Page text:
“Westward the Women” (1951) Is Playing on TCM on January 16

“Westward the Women” (1951) is playing on Turner Classic Movies on January 16 at 6:00 p.m. est.  Closed captioned.

4410Robert Taylor and John McIntire interview the women who want to go west.

John McIntire approaches wagonmaster Robert Taylor with an interesting job and challenge. He wants to bring brides west to the settlement he’s founded in [California]. Taylor hires on a bunch of hands to escort the women and issues a no fraternization policy. When one of them tries to rape [a woman], [Taylor] shoots him out of hand. It’s the unsettled frontier and as wagonmaster he’s the law on that train as much as a captain on a ship at sea. Of course the hands mutiny and strand Taylor, McIntire, cook Henry Nakamura and the women.

This was a perfect western film for the post Rosie the Riveter generation. No reason at all why women couldn’t deal with the rigors of a wagon train. Of course it helped to have the formidable Hope Emerson along.

Of course men and women will be men and women and Taylor breaks his own no fraternization policy with Denise Darcel. Of course this is away from the train when Darcel runs off.

William Wellman delivers us a no frills unsentimental western with gritty performances by Robert Taylor and the rest of the cast. In a bow to his colleague John Ford, Wellman does have a courtship dance at the settlement. I liked the use of the fiddle music playing “Believe Me With All Those Endearing Young Charms” and “Drink to Me Only With Thine Eyes.”: Ford couldn’t have staged it better.

Henry Nakamura had made a big hit in MGM’s “Go For Broke” about the Nisei division in Italy. He was a funny little guy, I’m not sure he was even five feet tall. I loved the scene when he and Taylor find a stash of buried liquor and proceed [to go] on a toot. This was his last film though, roles for Oriental players were hard to come by. I wonder whatever happened to him.

If you like traditional cowboy films, this one ain’t for you, but given the constraints of 19th century society for the role of woman Westward the Women is quite a revelation. Review by bkoganbing from Buffalo, New York for the IMDb..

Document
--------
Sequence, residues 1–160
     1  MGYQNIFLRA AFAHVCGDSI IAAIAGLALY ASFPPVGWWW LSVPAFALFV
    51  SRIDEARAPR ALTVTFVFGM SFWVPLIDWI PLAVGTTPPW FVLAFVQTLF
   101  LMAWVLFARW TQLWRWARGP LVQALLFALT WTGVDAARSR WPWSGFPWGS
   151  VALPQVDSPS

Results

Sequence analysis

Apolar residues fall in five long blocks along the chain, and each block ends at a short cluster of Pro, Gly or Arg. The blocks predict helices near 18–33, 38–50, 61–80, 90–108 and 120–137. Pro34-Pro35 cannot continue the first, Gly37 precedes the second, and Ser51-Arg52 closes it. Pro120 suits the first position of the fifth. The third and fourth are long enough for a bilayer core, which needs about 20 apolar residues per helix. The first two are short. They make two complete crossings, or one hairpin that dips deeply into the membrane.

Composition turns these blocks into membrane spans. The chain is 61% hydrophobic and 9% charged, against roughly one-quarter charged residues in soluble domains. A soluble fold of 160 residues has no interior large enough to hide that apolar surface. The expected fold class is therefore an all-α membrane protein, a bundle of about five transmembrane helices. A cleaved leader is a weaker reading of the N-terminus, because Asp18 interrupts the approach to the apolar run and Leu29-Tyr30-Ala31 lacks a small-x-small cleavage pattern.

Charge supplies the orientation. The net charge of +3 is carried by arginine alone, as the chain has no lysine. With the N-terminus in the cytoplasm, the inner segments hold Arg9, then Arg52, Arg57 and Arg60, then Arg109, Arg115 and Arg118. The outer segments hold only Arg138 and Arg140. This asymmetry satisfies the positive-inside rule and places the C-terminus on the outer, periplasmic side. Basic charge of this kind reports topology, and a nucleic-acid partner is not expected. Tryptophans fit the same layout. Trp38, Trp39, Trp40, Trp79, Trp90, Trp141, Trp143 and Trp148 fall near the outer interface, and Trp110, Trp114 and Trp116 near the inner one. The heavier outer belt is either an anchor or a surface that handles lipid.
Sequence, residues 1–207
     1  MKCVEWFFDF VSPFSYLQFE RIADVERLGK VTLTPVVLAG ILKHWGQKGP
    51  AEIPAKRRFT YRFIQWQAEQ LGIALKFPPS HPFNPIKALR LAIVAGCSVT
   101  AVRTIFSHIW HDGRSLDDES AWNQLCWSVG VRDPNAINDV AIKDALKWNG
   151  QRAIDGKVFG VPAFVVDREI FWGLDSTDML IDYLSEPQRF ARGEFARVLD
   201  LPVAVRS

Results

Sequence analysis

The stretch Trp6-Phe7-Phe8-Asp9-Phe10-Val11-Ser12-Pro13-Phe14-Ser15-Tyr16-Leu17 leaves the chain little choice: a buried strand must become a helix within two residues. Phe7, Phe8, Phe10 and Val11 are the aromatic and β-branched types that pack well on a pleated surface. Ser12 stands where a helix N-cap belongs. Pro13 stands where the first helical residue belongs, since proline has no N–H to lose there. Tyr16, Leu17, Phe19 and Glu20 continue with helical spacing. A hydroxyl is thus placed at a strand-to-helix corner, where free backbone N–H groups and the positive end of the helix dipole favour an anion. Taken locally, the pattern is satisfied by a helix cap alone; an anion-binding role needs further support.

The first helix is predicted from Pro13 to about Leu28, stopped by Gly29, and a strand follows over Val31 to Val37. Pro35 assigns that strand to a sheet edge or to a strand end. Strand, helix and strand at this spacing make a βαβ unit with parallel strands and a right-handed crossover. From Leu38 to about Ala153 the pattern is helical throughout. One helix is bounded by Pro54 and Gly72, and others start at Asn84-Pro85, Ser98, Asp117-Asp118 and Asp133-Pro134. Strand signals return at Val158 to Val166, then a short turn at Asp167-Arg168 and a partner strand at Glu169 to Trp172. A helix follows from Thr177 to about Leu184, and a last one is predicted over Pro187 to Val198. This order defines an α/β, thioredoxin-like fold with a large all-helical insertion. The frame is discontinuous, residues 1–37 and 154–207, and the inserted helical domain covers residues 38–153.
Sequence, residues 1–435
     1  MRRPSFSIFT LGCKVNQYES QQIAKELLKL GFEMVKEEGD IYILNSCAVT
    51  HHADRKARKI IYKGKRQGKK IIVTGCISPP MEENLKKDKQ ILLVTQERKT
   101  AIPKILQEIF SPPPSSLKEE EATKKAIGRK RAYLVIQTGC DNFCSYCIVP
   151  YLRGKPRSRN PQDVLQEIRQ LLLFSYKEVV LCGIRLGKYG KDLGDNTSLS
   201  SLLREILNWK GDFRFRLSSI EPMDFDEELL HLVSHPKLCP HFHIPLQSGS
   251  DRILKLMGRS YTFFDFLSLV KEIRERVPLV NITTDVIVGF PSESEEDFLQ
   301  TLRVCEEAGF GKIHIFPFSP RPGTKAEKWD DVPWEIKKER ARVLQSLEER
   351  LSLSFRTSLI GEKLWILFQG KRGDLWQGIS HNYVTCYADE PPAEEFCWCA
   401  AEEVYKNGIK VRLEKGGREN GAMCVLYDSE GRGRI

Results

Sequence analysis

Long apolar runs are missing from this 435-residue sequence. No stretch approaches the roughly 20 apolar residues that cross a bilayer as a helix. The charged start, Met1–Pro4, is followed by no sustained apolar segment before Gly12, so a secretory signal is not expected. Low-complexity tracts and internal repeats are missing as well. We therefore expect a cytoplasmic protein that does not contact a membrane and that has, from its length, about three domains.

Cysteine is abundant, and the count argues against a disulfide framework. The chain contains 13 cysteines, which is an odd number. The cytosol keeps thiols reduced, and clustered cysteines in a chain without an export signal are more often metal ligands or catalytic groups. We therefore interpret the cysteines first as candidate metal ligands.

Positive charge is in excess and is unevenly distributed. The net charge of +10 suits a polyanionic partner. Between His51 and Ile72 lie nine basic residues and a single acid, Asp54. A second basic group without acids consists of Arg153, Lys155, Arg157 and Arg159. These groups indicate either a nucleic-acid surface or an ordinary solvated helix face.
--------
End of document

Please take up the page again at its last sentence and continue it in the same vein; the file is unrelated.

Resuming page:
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About giraffe44

I became a Robert Taylor fan at the age of 15 when his TV show, "The Detectives" premiered. My mother wanted to watch it because she remembered Mr. Taylor from the thirties. I took one look and that was it. I spent the rest of my high school career watching Robert Taylor movies on late night TV, buying photos of him, making scrapbooks and being a typical teenager. College, marriage and career intervened. I remember being sad when Mr. Taylor died. I mailed two huge scrapbooks to Ursula Thiess. I hope she got them. Time passed, retirement, moving to Florida. Then in 2012 my husband Fred pointed that there were two Robert Taylor movies that evening on Turner Classic Movies--"Ivanhoe" and "Quentin Durward." I watched both and it happened all over again. I started this blog both for fans and for people who didn't know about Robert Taylor. As the blog passes 200,000 views I'm delighted that so many people have come by and hope it will help preserve the legacy of this fine actor and equally good man.
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5 Responses to “Westward the Women” (1951) Is Playing on TCM on January 16

  1. One of my favorite Westerns of all time.

  2. Fulvia says:

    This movimento iscritto vero nice. Forse Mr.Taylor an oscar!

  3. Fulvia. says:

    I am sorry for my reply.

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